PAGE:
چارچوب مدل سازی ساعات روز: ارزیابی بهره برداری منابع انرژی و انتخاب مبدل انرژی و سایزبندی در ساختمان ها
|کد مقاله||سال انتشار||مقاله انگلیسی||ترجمه فارسی||تعداد کلمات|
|20342||2009||14 صفحه PDF||سفارش دهید||11265 کلمه|
Publisher : Elsevier - Science Direct (الزویر - ساینس دایرکت)
Journal : Energy and Buildings, Volume 41, Issue 10, October 2009, Pages 1037–1050
The promotion of the exploitation of renewable sources in the built environment has led to the spread of multi-energy systems in buildings. These systems use more than one energy source in various energy converters to overcome the limitations that may be characteristic of each source. However, the design of the optimization of such systems is a complex task because the number of design variables is high and the boundary conditions (climate, operation strategies, etc.) are highly variable, so the system simulation has to be performed in the time domain. In this work an original hourly model to optimize multi-energy systems is presented and applied on a case study. It is an evaluation method to assess, in an integrated fashion, the performance of a building system as a whole and the viability of the exploitation of various energy sources. This tool is intended to take into account the variation of the conversion efficiency as a function of the design power, part load, boundary and climatic conditions. The relations that can model the energy converters of the case study (standard boiler, condensing boiler, various types of chillers and others) from the energy performance and from the financial points of view are also presented. This model represents a valuable alternative to currently available tools for hybrid systems simulation because of the optimization approach and of the detail in the thermal energy converters performance. Ultimately, the theoretical and applied knowledge of this contribution aims also at promoting a more conscious use of renewable and non-renewable energy in the built environment.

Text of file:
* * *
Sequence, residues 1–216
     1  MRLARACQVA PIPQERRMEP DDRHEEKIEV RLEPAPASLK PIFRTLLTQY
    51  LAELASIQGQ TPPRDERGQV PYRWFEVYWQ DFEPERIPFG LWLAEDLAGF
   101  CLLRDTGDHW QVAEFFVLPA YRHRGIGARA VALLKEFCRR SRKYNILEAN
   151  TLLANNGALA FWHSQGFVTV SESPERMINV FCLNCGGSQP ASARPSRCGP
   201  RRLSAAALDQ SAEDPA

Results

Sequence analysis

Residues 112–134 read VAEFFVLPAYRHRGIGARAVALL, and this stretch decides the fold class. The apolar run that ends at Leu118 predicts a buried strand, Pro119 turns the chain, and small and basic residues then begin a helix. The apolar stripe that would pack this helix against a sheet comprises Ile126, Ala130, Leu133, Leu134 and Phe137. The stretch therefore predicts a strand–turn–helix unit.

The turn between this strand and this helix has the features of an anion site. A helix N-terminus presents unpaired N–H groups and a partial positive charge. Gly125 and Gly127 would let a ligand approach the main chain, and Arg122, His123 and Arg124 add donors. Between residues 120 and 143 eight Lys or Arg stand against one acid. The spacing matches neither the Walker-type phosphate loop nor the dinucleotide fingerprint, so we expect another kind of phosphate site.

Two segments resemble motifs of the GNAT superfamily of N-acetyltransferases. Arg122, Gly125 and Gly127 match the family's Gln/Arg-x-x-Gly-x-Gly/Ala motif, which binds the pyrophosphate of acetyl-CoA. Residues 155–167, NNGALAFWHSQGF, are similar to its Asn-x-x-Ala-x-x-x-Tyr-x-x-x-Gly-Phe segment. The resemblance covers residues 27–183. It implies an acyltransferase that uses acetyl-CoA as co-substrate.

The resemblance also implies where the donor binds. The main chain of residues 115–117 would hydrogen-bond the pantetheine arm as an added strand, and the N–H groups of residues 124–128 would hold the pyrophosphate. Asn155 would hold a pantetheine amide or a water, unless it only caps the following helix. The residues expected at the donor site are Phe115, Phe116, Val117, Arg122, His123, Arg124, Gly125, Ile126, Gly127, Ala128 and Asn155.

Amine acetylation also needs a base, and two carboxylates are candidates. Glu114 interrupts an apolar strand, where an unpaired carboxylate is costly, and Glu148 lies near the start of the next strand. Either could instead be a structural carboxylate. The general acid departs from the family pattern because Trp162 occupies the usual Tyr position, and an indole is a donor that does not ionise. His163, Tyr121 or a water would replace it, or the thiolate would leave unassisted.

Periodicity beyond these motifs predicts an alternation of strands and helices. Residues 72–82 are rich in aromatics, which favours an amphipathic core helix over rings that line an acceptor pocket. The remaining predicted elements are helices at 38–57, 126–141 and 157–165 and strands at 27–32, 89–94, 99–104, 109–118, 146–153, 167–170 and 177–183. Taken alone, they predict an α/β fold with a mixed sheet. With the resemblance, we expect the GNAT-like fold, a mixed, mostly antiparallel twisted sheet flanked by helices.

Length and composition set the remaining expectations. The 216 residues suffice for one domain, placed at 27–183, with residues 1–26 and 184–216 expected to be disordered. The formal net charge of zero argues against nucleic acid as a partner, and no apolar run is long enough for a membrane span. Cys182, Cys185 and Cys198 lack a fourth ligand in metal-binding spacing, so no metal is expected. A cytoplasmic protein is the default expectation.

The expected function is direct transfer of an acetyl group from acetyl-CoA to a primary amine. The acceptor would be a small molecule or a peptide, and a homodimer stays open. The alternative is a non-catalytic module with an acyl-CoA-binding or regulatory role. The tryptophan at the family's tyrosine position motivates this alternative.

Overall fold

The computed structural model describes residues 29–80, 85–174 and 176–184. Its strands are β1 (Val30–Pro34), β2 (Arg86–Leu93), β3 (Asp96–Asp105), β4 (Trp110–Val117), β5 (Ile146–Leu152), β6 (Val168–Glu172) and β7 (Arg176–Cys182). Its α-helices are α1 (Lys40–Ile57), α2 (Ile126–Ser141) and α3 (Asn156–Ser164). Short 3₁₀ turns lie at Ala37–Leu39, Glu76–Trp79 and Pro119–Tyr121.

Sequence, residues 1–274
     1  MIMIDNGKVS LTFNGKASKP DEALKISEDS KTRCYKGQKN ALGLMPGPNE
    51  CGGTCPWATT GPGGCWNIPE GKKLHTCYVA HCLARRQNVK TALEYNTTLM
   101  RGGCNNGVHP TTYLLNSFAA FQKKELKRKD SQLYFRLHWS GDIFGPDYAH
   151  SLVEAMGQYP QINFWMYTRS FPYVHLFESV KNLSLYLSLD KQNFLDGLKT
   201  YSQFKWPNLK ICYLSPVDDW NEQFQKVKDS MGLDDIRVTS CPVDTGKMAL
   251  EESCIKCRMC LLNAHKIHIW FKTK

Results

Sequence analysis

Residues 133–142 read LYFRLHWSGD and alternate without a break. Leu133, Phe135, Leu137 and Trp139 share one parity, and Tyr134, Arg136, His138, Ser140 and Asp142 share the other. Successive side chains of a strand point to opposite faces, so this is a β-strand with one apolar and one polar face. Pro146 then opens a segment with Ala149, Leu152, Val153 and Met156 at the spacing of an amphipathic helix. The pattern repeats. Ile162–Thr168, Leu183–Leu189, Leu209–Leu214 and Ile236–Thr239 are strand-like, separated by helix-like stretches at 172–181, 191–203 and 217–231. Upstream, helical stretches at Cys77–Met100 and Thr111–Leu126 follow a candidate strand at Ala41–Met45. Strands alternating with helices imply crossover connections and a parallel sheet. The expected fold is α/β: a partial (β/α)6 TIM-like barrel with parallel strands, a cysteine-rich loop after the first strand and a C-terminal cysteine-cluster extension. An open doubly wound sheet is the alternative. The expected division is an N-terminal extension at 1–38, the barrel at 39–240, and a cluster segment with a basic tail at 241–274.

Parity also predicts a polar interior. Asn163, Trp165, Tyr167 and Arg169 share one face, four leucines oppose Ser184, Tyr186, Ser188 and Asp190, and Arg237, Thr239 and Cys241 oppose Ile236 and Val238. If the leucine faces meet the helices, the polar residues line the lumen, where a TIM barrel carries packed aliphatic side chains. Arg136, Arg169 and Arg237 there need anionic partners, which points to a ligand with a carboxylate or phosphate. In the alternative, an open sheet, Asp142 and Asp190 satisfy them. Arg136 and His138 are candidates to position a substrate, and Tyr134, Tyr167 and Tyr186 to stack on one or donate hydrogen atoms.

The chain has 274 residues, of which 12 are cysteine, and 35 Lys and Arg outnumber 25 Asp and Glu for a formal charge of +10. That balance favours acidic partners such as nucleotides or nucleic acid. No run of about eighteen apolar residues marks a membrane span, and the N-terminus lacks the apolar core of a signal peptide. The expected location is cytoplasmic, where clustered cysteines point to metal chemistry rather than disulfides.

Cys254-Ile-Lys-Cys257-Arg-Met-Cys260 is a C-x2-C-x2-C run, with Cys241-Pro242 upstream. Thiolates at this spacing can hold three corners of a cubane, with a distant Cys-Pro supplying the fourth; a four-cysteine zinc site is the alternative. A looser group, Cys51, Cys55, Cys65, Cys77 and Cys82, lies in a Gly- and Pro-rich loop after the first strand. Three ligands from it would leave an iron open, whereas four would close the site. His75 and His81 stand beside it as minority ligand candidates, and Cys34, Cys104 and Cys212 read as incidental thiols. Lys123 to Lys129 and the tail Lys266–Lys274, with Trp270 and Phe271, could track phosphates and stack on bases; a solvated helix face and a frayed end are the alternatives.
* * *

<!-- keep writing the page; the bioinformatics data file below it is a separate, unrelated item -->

It is well known that the increase in the energy efficiency of the building systems is one of the most promising strategies to reduce the energy use in the built environment without penalizing the indoor comfort and the satisfaction of the final uses. This can be done not only by using highly efficient energy converters (or components) at both full and part loads, but also – in a broad sense – by the exploitation of natural resources and by matching the local energy supply with the building energy demand. There has been a great development of small-scale renewable energy systems, and this caused a gradually developing integration of various energy sources into systems that can be called hybrid systems  or multi-energy systems. The second term is used to stress the fact that these systems are fed by a mix of sources and use more than one energy converter to cover one load, contrarily to conventional systems that, for each load, are fed by one energy source that is used in one energy converter. In fact, one of the main reasons of the spread of multi-energy systems refers in fact to the use of various renewable sources, that are characterized by an intermittency that causes a mismatch between the energy demand and the energy supply that affects the system reliability and can be overcome by an integration of various converters working at the same time. This is why hybrid systems, originally used in remote applications  and , are recently used also in the building sector, as can be seen from the theoretical and experimental studies , , , , ,  and . The definition of the lay-out and the sizing of the energy converters and components of this type of system is however quite a complex task, since it involves the assessment of highly variable quantities as the building energy demand and the energy sources, especially renewable sources, and the characterization of the energy converters. The design of a multi-energy system, both in terms of components sizing and definition of operation strategies, can be specified as the determination of the energy demand and supply profiles and in the optimization between the energy demand, the energy sources, the energy converters, the storages and the back-up components. In the literature this problem is addressed with reference to specific system configurations (e.g. geothermal heat pump coupled with solar collectors, trigenerators, etc.) as it is – for example – in the works , , , , , , ,  and , but not by means of an integrated tool that may make it possible to compare a great number of different design scenarios. Such a tool is the scope of the research work that is presented hereinafter.